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Silicon Valley Eagles Blog

The Silicon Valley Eagles Soccer Academy blog is a great source of soccer coaching tips, parents and players improvement tips and advises, and updates on the soccer world news.

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Recent blog posts

soccer-tryouts-questionsIt's June or January and that means tryouts for club soccer teams. There are a few select regional-quality teams that can pick and choose the cream-of-the-crop players. But in general, soccer teams are a buyer's (players/parents) market. Teams need good players more than good players need teams, and good players can exercise their power by moving to a team that closely fits their needs.

With that in mind I have a list of questions that players and parents should be clear on before accepting a spot on a club soccer team.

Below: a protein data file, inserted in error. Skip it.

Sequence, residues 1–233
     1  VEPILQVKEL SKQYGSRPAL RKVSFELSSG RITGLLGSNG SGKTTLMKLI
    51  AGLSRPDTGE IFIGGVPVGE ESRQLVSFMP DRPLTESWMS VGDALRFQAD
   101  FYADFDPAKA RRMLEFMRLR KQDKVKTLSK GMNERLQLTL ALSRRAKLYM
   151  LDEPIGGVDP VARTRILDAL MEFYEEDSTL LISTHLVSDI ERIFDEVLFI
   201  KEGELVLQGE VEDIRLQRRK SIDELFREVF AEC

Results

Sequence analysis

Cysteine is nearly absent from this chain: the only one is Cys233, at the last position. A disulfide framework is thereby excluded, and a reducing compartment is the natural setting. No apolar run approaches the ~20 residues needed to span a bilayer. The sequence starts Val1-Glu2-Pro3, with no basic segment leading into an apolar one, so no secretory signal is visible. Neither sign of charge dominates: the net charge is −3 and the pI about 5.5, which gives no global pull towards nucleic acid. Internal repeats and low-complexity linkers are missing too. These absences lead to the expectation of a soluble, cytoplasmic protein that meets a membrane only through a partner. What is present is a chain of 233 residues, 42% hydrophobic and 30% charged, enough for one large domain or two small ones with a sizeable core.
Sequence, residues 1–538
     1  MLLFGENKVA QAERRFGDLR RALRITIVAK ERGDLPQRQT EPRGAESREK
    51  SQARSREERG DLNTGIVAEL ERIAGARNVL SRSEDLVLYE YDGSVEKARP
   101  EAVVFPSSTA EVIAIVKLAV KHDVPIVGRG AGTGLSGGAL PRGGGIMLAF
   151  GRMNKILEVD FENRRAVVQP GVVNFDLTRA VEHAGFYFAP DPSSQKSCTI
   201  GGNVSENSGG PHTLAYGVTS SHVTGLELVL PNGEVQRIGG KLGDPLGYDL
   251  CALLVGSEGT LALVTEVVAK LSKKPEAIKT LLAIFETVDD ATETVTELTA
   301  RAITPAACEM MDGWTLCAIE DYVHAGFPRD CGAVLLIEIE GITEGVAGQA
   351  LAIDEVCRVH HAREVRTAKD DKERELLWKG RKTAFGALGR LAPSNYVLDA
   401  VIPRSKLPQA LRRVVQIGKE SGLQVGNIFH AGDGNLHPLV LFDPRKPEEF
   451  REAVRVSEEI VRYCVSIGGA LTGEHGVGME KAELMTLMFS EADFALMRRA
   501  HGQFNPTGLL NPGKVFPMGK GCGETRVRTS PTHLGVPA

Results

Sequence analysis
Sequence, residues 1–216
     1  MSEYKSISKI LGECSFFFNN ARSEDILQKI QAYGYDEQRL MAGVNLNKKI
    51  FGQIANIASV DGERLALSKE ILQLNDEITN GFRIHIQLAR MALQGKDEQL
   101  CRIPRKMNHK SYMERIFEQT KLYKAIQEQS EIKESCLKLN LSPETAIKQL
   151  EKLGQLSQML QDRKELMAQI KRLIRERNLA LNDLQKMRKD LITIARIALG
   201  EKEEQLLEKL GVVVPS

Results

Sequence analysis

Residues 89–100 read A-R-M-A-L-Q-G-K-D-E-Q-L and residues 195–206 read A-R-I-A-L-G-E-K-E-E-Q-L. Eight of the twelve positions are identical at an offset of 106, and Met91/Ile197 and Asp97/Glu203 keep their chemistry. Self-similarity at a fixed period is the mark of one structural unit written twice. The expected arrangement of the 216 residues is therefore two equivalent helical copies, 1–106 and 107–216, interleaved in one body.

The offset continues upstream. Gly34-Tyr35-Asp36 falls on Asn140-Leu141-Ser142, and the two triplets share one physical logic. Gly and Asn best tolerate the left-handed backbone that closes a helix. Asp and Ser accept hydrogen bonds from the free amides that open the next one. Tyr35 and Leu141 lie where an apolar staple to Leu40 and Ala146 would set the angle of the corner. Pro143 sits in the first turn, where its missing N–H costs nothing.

I intend no disrespect to any team or club. I do think that players who are offered a spot on a team should know for sure what they are being offered. And I think most teams and coaches will be truthful and forthcoming. Most coaches really want the players to know so there are no misgivings later in the season. If the answers are vague or the team/coach doesn't respond, players and parents should take that as a warning flag and look for another club/team. The critical point is to find a team that is a good fit for you.

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b2ap3_thumbnail_youth-league-manager-stronger.jpgCoaches have to put up with a lot. Whether it’s resentment over lack of playing time, dissatisfaction about how game situations are handled, or just general griping about the way the team performs, coaches never have it easy. And where do many of these complaints come from?

You guessed it. Parents.